Friday, July 3, 2009

Independence Day

What is Independence Day to You? Is it firecrackers and fireworks?

Is it red, white and blue?

Is it looking closely into the center of a 'Wild Blue Yonder' rose and seeing how much the pattern of the stamens look like fireworks exploding in a purple sky?

Is it baseball? The Star Spangled Banner? Memories of children's games when holding a bunch of roses named 'Home Run'? Shouldn't hedges of them surround the outfield fences at parks across this nation?
However you celebrate this most American holiday- I wish you Godspeed. Long live this living experiment- The United States of America. Whatever our faults as a nation, let us put them behind us, if just for today. Today we should celebrate while we contemplate- the world is better off that we existed. That we have thrived. That when we suffer, we do not weep for long. We get up off our feet and get to work.

The dog photo is courtesy of "Oregon" Sue Maxwell.
The rest of images are by photographer Gene Sasse.
Used with permission

To learn more about the fates of the 56 signors of the Declaration of Independence please go to


  1. Happy holiday.
    I am a Chinese and those fireworks look like Chinese traditional works,are they common in American?
    and your dog looks wonderful.

  2. Greetings Far- I live in Diamond Bar, California. Roughly 1/3 of our residents are Chinese or Chinese Descent. Mostly ROC.

    Fireworks regulation vary by legal jurisdiction. In some states, it is legal for individuals to have fireworks.

    Where we live, our City holds a tremendous party, with a free fireworks show. Because our climate is quite dry, fires are a major public concern- it is too dangerous for individuals to set off fireworks.

    In the United States- the paper tubes that pop quickly are called fire crackers. The ones with spectacular fire and color displays are known as fireworks.
    I believe firecrackers are common in Mexico. Probably other states. But not in California.
    Do come back. Sue (who owns the dog in this post- mine can be seen in the previous post) lives in Oregon. We are friends through the Internet.

  3. Lydia,

    Lovely 4th of July post! I enjoyed it, as always. I am so happy that this person all the way in China received your blog! I am impressed!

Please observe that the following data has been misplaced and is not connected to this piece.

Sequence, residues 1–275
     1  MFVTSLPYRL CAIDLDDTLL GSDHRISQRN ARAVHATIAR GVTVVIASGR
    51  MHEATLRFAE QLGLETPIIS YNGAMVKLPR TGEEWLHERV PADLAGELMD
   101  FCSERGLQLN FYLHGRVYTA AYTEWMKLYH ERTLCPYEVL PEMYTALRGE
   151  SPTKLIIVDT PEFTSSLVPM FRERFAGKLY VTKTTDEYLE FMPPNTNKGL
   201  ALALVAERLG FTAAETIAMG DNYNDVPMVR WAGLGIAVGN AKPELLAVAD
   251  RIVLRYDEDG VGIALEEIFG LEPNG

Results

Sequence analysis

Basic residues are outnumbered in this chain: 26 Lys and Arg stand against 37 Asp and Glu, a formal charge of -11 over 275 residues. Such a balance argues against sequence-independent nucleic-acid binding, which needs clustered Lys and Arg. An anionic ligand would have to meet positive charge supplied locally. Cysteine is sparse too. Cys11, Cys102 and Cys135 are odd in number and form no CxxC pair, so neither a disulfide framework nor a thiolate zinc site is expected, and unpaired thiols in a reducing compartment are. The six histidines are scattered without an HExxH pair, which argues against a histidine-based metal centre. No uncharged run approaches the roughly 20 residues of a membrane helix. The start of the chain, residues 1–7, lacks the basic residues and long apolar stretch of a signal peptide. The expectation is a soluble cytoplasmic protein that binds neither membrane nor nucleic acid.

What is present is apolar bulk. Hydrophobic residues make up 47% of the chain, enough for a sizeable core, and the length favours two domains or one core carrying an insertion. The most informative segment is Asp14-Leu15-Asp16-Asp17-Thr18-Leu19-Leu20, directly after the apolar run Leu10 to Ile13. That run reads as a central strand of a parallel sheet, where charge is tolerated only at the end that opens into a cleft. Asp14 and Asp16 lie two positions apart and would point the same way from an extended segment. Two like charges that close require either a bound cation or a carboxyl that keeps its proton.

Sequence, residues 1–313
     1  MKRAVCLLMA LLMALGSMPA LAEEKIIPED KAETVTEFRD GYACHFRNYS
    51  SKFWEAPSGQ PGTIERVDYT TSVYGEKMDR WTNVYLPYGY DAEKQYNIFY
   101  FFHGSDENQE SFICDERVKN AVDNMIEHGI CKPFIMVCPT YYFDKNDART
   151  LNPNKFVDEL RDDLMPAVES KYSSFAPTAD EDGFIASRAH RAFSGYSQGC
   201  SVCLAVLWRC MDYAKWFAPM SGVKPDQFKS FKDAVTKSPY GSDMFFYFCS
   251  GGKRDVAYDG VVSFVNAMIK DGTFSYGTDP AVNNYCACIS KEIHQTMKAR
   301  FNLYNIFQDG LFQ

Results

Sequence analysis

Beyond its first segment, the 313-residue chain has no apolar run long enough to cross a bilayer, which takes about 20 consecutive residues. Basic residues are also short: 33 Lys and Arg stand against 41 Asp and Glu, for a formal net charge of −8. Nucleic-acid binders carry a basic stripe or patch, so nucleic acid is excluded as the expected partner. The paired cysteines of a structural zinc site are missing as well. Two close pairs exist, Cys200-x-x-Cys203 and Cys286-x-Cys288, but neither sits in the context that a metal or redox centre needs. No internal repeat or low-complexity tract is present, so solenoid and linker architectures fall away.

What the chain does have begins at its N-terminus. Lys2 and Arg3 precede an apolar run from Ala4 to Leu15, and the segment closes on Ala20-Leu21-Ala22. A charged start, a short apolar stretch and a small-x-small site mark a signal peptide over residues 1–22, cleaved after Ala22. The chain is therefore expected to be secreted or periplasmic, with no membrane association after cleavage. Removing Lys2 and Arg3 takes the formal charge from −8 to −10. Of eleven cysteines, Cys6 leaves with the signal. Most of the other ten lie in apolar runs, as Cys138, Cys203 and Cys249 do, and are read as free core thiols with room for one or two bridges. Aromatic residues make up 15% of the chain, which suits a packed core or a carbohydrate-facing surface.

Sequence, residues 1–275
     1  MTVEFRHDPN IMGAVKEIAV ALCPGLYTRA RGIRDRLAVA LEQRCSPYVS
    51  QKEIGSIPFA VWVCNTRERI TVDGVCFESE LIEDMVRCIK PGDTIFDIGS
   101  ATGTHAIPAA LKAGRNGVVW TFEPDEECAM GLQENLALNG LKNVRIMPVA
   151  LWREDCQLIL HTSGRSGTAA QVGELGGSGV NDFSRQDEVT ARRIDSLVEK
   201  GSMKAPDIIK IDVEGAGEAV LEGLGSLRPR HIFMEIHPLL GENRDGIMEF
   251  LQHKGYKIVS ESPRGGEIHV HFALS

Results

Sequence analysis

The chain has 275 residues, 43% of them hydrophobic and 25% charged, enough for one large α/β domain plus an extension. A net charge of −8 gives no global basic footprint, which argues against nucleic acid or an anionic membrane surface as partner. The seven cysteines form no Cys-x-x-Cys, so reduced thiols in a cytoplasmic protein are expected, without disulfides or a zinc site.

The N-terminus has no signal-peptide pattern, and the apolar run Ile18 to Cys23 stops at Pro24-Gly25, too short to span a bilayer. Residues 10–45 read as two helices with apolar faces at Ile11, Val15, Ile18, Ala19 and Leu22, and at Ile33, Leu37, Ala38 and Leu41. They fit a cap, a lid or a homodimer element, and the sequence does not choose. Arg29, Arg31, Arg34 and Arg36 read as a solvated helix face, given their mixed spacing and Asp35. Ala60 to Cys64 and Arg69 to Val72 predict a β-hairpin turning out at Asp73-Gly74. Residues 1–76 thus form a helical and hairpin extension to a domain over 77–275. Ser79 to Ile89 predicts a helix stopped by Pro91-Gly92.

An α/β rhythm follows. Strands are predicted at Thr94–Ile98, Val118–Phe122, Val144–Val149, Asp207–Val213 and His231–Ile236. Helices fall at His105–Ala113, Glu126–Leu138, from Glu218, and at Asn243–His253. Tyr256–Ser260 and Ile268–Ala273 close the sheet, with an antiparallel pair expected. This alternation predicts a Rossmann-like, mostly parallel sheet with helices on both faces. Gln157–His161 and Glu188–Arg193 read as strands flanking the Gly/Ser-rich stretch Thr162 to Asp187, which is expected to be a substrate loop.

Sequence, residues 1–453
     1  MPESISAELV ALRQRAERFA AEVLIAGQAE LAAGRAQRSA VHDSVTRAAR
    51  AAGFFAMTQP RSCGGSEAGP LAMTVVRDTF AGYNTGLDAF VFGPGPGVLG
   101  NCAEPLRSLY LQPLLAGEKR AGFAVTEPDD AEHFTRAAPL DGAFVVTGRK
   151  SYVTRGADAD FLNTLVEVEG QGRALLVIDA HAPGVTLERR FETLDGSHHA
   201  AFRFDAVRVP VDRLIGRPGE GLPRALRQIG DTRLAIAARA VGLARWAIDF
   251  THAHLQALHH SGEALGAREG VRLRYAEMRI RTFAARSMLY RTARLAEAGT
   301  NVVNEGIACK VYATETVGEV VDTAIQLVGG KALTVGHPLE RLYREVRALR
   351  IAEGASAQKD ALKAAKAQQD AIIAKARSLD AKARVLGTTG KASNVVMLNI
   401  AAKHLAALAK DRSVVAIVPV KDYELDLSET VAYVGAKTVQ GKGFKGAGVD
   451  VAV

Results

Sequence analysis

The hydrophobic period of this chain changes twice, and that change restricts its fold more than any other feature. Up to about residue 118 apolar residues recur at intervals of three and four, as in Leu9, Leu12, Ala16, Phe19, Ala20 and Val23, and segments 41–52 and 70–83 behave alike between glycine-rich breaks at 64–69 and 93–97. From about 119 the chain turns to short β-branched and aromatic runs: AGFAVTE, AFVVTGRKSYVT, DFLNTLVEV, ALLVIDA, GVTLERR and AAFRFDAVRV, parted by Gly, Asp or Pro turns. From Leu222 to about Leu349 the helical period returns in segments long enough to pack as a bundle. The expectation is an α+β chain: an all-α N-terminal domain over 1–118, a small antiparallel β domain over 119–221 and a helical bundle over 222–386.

Far2009, I have Chinese people living all around me. Most whom I know came from Taiwan.
    Lydia, loved seeing Americana Maggie's photo again this year!
    Wish you would attend the Diamond Bar City 4th celebration tomorrow evening! It's always spectacular!

    Whatever you do have a Happy One!
    XO Trisha

  4. Great post. Oh, and my Maggie! That picture makes me smile. She's such a love. I will see what patriotic photos I can take today. Going to town and I know the flags will be up and lining all the sidewalks. Our VFW puts them up.

    Happy 4th from Oregon.
    xo Sue

  5. The 4th of July is my favorite American holiday and always has been. In 1987 on this day my Grandaughter Robyn was born. The best firecracker a Grandma could ever wish for. I too recognized the Chinese firecrackers. Dad used to take his girls to LA's Chinatown when we were small. They had a wishing well and we each had a penny to wish on and then on to one of the small shops there. Wondrous folding paper fans, firecrackers, etc. and we each could pick one. My Sister's weren't interested in the firecrackers but I was....what memories I have of that magical place. Lydia, thanks for stirring the memory pot, as we celebrate the 233 years of freedom. :) Edda

  6. I'm a descendant of John Adams through my father. He ruffled many feathers fighting for our freedom. He never took the easy road. One of his sons, John Quincy Adams, courageously followed in his father's footsteps. I'm very proud to be related to them!
    God Bless the U.S.A!

    Karen B.


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